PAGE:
Social media is a two-way street

In addition to the myriad ways health organizations have found to use social media to inform and engage patients, platforms such as Facebook, Twitter and YouTube also offer physicians valuable opportunities to learn and improve the way they practice.

For instance, obstetrician Jeff Livingston frequently uses the Facebook and Twitter pages for his practice, MacArthur OBGYN, to answer patients' general health questions, such as what foods are safe to eat during pregnancy and how soon parents can learn a baby's gender. But one of his most powerful experiences with digital media, he told CBS News, occurred when he asked his readers and followers who'd suffered miscarriages how they'd coped with the loss and what they'd wanted to hear from their doctors.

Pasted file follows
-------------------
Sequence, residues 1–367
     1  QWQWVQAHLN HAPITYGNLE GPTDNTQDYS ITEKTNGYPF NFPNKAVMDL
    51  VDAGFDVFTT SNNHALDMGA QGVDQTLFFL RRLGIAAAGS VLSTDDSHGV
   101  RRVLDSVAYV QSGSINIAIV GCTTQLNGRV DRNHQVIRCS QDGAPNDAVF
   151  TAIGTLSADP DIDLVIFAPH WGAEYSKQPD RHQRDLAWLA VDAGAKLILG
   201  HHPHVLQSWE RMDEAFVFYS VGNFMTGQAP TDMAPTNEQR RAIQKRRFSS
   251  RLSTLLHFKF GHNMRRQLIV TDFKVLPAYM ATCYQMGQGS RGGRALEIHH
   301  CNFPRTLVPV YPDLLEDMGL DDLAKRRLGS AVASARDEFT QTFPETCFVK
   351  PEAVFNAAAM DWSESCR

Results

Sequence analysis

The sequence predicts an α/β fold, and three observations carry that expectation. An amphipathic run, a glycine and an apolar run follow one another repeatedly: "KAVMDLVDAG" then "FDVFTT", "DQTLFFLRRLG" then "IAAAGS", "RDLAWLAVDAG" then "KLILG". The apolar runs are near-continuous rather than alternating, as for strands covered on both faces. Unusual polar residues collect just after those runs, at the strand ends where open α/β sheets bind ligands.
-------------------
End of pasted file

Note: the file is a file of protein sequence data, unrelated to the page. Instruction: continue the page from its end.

"We had 15 comments from patients, real patients, who told their stories," Livingston said. "You can see where the patients are learning from each other, but as a doctor, I got better."

Doctors also can learn via social media from other doctors. For example, a story from American Medical News describes how a physician posted a video on YouTube discussing the process of adopting an electronic health record system, including what aspects of the change made him nervous at first and how the technology benefited his practice in the long run. While the video likely drew the indirect benefit of touting the practice's technological advances to patients, it made for an instructive tool for physicians to watch and share among one another, said Ralph Henderson, president of health care staffing for AMN Healthcare.

In addition, healthcare professionals looking for jobs can get a strong sense of whether a practice is a good fit for them by watching videos posted by potential employers, amednews noted.

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